A COVID Miracle: Virus patient becomes EMT Nurse
COLUMBIA, S.C. (WIS) - “Hey I can’t breathe, I’m being placed on a ventilator, and I love you.”
January 5th was the day JJ Smith started feeling sick—and those were the last words he said to his parents over the phone.
“I figured it would be like a bad sinus infection, I would take a couple over the counter medicines and within a couple of days I’d be perfectly fine. One day later, I woke up with a 104 fever and I was diagnosed with double covid and a pneumonia,” says Smith.
Once admitted to the hospital, things kept getting worse.
JJ says he was begging to be intubated. He was breathing around 42 times a minute and his oxygen saturation was at 85 percent. He was maxed out on non-invasive ventilation.
He says doctors began to lose hope.
“Dr. Keith pretty much told my parents that I may or may not make it because of how fast I was deteriorating, and my body just couldn’t handle it,” says Smith.
But with an outpour of prayers from friends and family--- and amazing care from nurses, a miracle happened.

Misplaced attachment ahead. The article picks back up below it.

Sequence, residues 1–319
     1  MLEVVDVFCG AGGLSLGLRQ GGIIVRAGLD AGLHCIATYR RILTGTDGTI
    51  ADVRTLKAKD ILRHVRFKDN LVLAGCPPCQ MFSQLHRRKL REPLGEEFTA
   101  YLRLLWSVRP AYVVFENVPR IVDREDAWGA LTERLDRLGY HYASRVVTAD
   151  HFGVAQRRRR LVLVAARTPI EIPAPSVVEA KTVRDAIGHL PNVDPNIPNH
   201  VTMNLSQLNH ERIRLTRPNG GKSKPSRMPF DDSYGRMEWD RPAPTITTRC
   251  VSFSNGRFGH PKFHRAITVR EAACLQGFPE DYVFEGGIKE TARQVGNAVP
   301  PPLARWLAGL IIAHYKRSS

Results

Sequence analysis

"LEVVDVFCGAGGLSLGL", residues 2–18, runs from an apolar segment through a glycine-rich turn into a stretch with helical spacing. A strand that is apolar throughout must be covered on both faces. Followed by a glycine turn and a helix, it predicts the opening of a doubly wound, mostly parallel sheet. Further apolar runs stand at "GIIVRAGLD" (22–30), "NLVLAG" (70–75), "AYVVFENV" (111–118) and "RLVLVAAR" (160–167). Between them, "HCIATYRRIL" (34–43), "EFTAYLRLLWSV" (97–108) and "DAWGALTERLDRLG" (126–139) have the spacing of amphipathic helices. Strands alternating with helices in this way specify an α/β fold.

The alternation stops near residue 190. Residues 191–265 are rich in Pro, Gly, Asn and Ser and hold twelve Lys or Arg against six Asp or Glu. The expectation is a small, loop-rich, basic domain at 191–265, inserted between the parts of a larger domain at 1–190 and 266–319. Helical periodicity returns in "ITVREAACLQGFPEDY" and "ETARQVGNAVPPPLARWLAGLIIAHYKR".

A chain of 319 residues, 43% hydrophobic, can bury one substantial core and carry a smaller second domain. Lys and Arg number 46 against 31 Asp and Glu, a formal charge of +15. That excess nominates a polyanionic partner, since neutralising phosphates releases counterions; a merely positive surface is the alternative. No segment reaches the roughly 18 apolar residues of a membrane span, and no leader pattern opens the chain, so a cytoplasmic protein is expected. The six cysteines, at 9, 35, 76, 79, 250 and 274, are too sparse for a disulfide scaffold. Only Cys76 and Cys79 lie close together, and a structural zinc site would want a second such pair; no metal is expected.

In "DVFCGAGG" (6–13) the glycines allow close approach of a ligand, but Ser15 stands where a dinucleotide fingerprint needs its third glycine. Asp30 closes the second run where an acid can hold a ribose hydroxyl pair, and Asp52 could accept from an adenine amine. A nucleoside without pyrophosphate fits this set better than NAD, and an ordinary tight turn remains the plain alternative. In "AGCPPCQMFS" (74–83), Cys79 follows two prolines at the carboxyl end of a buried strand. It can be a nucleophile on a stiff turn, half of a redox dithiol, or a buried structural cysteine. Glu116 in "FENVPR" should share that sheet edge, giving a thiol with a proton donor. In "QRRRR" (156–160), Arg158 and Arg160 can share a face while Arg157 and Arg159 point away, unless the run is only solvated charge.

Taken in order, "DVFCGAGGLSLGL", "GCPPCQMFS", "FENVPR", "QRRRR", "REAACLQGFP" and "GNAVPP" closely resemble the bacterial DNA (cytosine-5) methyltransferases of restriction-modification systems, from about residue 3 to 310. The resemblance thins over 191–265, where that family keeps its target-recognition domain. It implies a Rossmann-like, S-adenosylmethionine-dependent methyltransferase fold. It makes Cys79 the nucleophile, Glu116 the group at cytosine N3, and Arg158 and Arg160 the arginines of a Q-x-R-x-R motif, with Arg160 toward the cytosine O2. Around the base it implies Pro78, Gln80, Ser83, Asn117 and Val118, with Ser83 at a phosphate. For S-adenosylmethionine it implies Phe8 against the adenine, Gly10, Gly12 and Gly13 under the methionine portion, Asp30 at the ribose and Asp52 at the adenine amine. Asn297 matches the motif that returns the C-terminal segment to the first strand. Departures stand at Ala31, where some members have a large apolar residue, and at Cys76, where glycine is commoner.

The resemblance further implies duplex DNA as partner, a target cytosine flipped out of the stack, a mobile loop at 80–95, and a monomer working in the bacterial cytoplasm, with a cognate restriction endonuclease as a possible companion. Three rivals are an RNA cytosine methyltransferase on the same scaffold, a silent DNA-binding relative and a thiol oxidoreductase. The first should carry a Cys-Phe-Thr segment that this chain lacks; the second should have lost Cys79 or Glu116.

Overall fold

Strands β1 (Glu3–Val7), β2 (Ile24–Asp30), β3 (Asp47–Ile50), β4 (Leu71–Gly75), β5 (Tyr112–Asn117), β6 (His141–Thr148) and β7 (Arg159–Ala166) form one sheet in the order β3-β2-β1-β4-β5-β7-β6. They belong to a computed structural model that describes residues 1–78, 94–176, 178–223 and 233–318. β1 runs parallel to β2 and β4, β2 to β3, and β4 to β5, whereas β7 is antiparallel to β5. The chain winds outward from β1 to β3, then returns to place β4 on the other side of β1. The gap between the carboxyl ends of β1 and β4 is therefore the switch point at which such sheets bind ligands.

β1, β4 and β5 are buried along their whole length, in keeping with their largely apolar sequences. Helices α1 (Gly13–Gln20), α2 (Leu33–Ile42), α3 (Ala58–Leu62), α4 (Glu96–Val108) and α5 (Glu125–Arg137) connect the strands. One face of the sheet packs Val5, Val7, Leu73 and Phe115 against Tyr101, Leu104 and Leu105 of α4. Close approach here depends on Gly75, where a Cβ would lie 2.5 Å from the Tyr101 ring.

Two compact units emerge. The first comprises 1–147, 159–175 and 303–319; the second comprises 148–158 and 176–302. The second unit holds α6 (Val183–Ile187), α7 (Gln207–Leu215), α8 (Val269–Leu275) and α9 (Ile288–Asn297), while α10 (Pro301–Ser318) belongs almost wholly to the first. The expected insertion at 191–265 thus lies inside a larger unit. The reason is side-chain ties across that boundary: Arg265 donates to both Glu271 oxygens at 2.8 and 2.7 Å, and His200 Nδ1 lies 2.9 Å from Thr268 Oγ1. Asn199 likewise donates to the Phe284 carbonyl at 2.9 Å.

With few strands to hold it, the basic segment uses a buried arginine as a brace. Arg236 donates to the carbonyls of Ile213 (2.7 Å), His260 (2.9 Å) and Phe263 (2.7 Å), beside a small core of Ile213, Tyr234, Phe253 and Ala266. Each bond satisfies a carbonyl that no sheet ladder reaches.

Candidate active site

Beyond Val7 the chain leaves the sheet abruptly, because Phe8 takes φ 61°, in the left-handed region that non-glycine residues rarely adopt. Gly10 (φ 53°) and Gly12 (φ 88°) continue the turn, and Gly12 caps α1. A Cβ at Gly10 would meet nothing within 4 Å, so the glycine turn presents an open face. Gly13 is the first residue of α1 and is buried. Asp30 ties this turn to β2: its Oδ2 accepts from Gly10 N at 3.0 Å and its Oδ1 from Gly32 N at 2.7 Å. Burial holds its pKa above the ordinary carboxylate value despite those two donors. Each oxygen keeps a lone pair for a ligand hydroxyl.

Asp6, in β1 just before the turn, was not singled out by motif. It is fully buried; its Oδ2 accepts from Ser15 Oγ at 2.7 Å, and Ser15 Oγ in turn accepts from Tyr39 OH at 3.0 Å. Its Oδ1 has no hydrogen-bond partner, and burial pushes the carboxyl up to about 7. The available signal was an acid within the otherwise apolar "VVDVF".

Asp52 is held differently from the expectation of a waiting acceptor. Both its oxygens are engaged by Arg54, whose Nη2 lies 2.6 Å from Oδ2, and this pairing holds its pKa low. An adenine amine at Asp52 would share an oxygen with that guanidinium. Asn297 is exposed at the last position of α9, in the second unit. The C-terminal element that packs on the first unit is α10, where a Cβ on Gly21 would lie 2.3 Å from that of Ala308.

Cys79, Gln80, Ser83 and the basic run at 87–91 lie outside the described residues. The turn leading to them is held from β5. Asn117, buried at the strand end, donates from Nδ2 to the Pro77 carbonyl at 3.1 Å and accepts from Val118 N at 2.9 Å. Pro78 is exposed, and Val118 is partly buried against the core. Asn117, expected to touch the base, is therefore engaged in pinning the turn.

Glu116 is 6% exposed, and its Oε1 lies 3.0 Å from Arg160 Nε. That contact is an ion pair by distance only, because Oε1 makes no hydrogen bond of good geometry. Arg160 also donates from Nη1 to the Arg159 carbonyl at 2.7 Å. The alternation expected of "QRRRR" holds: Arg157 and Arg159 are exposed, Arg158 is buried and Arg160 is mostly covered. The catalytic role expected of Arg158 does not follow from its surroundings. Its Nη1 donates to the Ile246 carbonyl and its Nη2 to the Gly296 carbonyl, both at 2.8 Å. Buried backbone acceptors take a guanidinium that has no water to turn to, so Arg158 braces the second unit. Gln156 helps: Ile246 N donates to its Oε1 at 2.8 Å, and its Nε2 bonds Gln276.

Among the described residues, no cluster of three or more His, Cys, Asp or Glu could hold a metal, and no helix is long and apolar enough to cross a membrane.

Within the next day, JJ’s health took a 180—and three days later, he was sent home on oxygen.
He says the love he received during that time is what kept him alive.
“COVID has been a very long road for me still to this day, and if I wouldn’t have had the support system since day one, I really don’t know mentally or physically where I would be at right now.”
And that’s why he decided to take on a new path-- to lend that same support to others.
Fast forward to today, the 23 year-old is now a nursing technician in the critical care unit at Lexington Medical Center. Working alongside those same nurses who cared for him.
“I was blessed to still be here today, because of the amazing critical care staff that I can now call co-workers,” says Smith.
“The friendships, the companionships that were spent through that time made me personally change my decision to go back to nursing school, because the care I received while I have covid was incomparable to anything else. And that’s something that I want to give back to help others on their absolute worst day whether its covid or not.”
Patients and staff say he’s that smiling face they need to get through those tough days.
“Knowing that I’m able to be there to comfort them and to tell them that I personally went through what they’re about to go through, they feel more at ease, more relaxed knowing that I had the same doctor they did, knowing I was in the same room as them. It’s almost a personal connection. It kind of gives you the warm fuzzy feelings almost, knowing that you were here at one time receiving the care that you’re about to give to others.”
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